Then I started a conversation with a guy named Ryan from Newport Beach. This was his first ever race, a marathon. Amazing. He too had a goal of 4 hours, but I fell back after running beside him for several miles when I walked through the same water stop where the pace group caught me, passed me, and finished w/out me.

I recall passing the half marathon finish line; it was just a short right turn into a parking lot. The half marathon is not an official race for the San Diego RnR marthon except for members of the Team In Training who elected to run the half. This year was a trial run for the half. In 2010, it will be open to all runners who would like to run a half. Opening up the half to everyone may increase the race size from 20,000 to 25,000. Next year will also see a slight change to the marathon course since the MCRD, where the finish has traditionally been, is going under renovations. Therefore, the finish line will need to be relocated and the route changed.

As we chat about the finish line, that reminds me of the pain I experienced over the last 4 or so miles. I needed water. The Cytomax was not cutting it anymore. The more tired I got, the more disgusting it tasted. My legs ached, my knees were sore, and I was hot. I started walking through the water stops. I drank a little water and then poured a second cup of water over my head. My sneakers were drenched; my feet were wet. I only wanted the agony to end. I ran passed a band that played Neil Diamond's "Sweet Caroline". I sang along and shouted out the usual chorus associated with the tune. It brought back memories from Shea Stadium where the crowd would always rise shouting out, "so good, so good, so good." I had an extra bounce to my step, for a little while. I needed water. I asked a spectator if she had water. She did. She passed me a stainless thermus of water, and I chugged. I thanked her. She was a life saver. Soon after, around mile 24, I saw another woman who had a large cooler beside her, and I asked her for some ice. She had some. I ran at least a mile chewing on ice. Being refreshed and cooled down at the same time. She, too, was a life saver.

What would any of us do without occaissional help from a friendly stranger. That is what we all were during this campaign for the Leukemia and Lymphoma Society, helpful strangers. The people who receive our gifts most likely will not know us, but they may receive the benfits of our labor for them. That is true charity. Giving without reward. Thank you again for supporting me and Jane. Toghether we all made a difference even if we don't realize it. Thank you.

As I approached the last mile of the race I was greeted by Maura Donovan from LLS. She asked me, "How are you feeling?"

I replied, "Terrible, I need water."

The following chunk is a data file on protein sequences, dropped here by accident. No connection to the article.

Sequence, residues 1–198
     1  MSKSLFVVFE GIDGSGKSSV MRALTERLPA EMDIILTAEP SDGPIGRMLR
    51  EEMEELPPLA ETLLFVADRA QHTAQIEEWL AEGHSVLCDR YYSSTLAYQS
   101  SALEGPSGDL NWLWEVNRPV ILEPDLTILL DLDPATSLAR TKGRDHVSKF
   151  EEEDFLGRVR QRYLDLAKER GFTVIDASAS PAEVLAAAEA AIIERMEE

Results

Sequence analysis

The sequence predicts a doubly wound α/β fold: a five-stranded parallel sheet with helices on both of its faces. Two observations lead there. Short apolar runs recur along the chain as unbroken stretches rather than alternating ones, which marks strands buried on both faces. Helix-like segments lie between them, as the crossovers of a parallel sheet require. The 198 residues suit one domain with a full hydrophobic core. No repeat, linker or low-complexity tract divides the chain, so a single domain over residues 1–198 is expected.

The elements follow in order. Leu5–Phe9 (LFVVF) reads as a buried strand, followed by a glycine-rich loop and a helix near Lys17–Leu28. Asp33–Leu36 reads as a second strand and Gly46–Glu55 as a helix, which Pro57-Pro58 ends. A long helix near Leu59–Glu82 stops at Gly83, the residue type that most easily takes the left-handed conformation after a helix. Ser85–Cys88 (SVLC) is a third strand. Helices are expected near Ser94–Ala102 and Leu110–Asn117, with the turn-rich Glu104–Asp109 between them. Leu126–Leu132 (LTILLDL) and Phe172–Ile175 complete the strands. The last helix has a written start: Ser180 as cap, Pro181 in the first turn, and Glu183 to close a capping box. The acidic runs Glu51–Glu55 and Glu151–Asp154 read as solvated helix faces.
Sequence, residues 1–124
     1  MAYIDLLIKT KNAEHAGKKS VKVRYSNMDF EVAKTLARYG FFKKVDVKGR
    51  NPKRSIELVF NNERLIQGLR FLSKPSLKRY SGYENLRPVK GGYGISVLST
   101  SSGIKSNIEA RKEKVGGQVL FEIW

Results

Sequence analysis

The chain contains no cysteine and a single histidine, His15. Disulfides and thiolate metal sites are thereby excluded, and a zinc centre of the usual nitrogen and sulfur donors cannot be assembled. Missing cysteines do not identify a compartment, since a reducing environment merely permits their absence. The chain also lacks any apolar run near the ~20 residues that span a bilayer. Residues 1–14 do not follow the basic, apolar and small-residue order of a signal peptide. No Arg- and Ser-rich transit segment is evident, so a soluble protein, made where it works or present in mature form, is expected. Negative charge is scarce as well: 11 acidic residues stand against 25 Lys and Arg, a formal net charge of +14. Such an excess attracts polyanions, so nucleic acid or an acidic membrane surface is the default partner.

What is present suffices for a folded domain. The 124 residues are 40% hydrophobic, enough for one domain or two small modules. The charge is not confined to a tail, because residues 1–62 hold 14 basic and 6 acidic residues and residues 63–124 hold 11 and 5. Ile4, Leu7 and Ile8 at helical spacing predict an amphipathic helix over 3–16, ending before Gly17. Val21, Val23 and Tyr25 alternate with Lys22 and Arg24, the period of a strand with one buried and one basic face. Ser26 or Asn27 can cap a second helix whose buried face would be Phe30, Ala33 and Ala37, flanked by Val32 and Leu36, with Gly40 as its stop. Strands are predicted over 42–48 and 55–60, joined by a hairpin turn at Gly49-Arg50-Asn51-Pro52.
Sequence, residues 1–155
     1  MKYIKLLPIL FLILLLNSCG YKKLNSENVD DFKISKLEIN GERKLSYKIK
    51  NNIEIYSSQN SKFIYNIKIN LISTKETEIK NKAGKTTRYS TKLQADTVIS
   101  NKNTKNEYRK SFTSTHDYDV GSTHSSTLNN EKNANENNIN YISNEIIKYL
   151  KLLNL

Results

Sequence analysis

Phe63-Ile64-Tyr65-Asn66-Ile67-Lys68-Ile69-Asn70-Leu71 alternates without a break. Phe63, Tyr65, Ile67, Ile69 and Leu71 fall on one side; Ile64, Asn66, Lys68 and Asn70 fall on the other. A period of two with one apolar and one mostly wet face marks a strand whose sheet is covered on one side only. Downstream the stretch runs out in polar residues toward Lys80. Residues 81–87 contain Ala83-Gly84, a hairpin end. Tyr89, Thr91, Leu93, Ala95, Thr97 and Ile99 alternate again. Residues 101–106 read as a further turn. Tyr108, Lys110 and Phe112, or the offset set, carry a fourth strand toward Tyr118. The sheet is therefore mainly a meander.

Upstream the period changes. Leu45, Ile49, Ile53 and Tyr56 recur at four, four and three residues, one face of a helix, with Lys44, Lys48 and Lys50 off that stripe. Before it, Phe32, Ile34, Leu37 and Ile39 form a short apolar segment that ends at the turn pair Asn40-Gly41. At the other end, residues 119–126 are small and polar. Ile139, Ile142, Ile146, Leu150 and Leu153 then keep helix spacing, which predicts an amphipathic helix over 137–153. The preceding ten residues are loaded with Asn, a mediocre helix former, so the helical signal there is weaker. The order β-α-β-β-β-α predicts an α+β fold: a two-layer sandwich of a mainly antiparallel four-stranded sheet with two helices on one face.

I continued running and entered the MCRD. The Marines were marching. The last band was playing and encouraging us runners forward. A couple of turns and there was the finish line. Each side of the road lined with cheering fans, shouting, whistling, and clapping. I could see the finish line camera which would be recording the finish line live. I had to look good. I reached down, picked up my pace, ran taller, raised my hands and crossed the line. I made it. Wow! Now I could collapse.

I did just that, visiting the medical tent after getting my marathon medal and a bottle of water. The med tent raised my legs and gave me a fresh bottle of Cytomax to revive my system. Soon after I could walk for a little while to get my hands on some puffins and a foil blanket. and head for the Team In Training tent. On the way I stumbled a few times a required assistance. The last to aid my aching legs were two young ladies who caught me as I stumbled. They balanced me and helped me stretch out my cramped calves until I could walk again. Once I made it back to my feet I found the TNT Tent and received my 26.2 Team In Training Pin, a PBJ, and a couple of MGD64's.

I swore that I would never do this again. Running a marathon is too painful. Yet, by dinner time I decided it would be fun to try again. Next time will be different. I'll follow the advice of those who have gone before me. I will not overtrain, I'll eat better duringthe race, and go slower and increase my pace after the half marker. I guess its like having a baby. The pain is always forgotten once the babe is in your arms. The marathon is just fond memories like the time I actually accepted an icecream stick with vasoline on the tip and licked it a few times thinking it was some form of energy gel. I tossed it because it had no flavor only to hear a shout to another runner from a road side medical tent, "Don't lick the stick." Great. I licked it, but tossed it. Thank goodness I didn't eat it. I found out later what it was. That's funny.

So, if all goes well, I will run again. I hope to run another in the fall and then Disney in January. My only problem is that I currently have a strained hip flexor and a hernia that needs attention. according to my physician who I saw yesterday. Great. I hope this doesn't ruin my plans. I'll find out July 1st after meeting with the surgeon.

See you on the road.